OK, everybody. It’s time to take down those Christmas decorations. Twelfth night came and went earlier this week. Depending on which tradition you follow, the season of Christmas ends either January 5 or January 6, which marks the Epiphany — the night the Wise Men came to visit Jesus. Some traditions refer to it as Three Kings Day.
In case you didn’t know, it is very unlucky to leave up your Christmas decorations after Twelfth night. Not to mention unsightly.
My son laughs at me because he knows I have a fetish about Christmas decorations. It makes me absolutely crazy to see people putting them up before Thanksgiving (I have been known to boycott stores that do that), and it drives me insane to see people who leave their decorations up past January 6. That is one of my top three pet peeves (the other two being hypocrisy and injustice).
I took a walk today in my neighborhood. It happened to be snowing, so it actually looked like a winter wonderland. Except for one thing: all those horrible decorations. There they were, on house after house, dead and dying brown or yellow “evergreens,” wreaths on doors, hanging branches on railings, dried up holly berries, glimpses of muddy brown trees inside houses — and outside, formerly cheery red, green, and golden bows, now dirty, wet, limp, and lifeless.
I couldn’t help thinking WWJD. What Would Jesus Do? After all, this whole celebration is one big birthday party for him. Now it’s over. If it were summer, would you leave limp, empty balloons around with half-eaten cake and pieces of ribbons and wrapping paper in the yard? Of course not. I don’t believe leaving up old decorations helps him send the message he would like to send.
Even if you are not a practicing Christian, but still observe the holiday, you know that there is a spiritual component to it. The materialism of Christmas has turned a lot of people off, believers and non-believers. But I never think of the wreaths and trees and lights and bows as part of the materialism. I think of them as a joyous display of the ritual, the tradition, the meaning behind Christmas. Christmas signifies birth and hope and newness and life. Regardless of your own faith or lack of it, the glittering lights everywhere brighten the darkness as the days grow shorter. And they are beautiful to look at.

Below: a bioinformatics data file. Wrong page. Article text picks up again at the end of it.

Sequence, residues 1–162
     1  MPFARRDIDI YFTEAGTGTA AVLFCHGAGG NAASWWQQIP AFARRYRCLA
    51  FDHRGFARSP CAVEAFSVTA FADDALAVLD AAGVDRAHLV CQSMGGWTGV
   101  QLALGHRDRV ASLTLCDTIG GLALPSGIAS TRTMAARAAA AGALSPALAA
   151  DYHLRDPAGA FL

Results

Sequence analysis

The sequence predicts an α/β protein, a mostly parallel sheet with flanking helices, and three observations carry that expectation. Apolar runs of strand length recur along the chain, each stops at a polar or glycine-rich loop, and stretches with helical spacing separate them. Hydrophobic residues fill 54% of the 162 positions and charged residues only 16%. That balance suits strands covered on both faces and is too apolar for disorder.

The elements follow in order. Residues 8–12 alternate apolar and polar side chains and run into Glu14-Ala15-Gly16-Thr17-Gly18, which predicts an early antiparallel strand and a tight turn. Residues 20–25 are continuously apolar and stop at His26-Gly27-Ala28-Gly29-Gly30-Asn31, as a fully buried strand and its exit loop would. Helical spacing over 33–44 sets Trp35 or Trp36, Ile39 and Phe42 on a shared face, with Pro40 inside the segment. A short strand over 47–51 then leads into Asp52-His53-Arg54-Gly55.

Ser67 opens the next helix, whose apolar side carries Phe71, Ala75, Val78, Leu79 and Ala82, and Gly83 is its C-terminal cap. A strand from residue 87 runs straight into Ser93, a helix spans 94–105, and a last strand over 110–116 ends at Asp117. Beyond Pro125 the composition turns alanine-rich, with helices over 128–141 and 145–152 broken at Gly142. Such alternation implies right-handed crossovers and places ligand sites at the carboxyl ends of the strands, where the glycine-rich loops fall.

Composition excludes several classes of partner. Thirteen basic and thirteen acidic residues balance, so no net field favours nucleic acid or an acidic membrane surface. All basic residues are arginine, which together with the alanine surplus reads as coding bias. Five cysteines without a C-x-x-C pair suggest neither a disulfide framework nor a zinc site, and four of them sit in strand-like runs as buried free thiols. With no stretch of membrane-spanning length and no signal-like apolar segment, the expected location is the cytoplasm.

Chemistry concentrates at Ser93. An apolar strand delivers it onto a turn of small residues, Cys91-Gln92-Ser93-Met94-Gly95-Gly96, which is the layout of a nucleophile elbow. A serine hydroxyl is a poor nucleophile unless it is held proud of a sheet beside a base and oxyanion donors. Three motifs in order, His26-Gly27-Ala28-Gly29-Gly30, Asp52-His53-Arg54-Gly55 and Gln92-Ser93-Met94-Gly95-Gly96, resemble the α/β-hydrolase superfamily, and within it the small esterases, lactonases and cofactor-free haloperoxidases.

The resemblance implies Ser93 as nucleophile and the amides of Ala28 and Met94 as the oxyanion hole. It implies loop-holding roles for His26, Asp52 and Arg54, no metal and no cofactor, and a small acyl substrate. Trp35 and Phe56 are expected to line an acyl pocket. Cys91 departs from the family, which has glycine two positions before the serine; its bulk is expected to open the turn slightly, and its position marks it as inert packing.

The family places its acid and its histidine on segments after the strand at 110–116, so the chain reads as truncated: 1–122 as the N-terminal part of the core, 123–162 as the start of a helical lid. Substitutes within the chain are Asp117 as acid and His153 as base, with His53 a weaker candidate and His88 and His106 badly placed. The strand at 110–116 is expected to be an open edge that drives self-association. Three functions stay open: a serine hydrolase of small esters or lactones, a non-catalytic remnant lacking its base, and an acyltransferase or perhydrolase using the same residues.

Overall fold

But then, it’s over. Somehow those beautiful wreaths and trees, the pinecones and the holly, don’t look so hopeful any more. There is no more sense of expectation. They don’t represent hope. They are dying. They make me feel so sad. I want to feel happy in the New Year, not morose.
A friend of mine years ago, who was at the end stages of cancer, asked not to be sent flowers. When asked why, she said, “Because they die.” That’s how I feel about Christmas decorations after the holiday. They should come down before they die.
I once took my son, when he was very little, to a new swimming teacher at her house. Walking through her living room in July, I was shocked to see that she still had her Christmas tree up, completely decorated. Of course, it was totally dead, with brown pine needles all over the floor. “Oh,” I said. “I see you still have your tree.” “Yes,” she said. “I just love Christmas so much. I never take it down until Thanksgiving, when it’s time to put up the new one.”
That was the end of the swimming lessons.
I couldn’t take him to someone who I felt was so oblivious to the meaning of the holiday, not to mention the aesthetics. If you are a believer, the holiday is about honoring Jesus and his birth. You can’t do that with an ugly brown dead tree. In fact, it seems somehow disrespectful.
So that’s why, when my son and I happen to be driving around sometime in March and I see a pathetic, drooping, wilted, beige wreath hanging on a door with the bow flattened, and listless, broken pinecones and shriveled berries, I lose it. Much to his amusement.
“Mom,” he’ll say. “Get over it.” Sorry, Quinn. I can’t.
I’m with the 17th century poet Robert Herrick who wrote (albeit for Candlemas):
Down with the rosemary, and so
Down with the bays and mistletoe;
Down with the holly, ivy, all,
Wherewith ye dress’d the Christmas Hall.
Image courtesy of Shutterstock.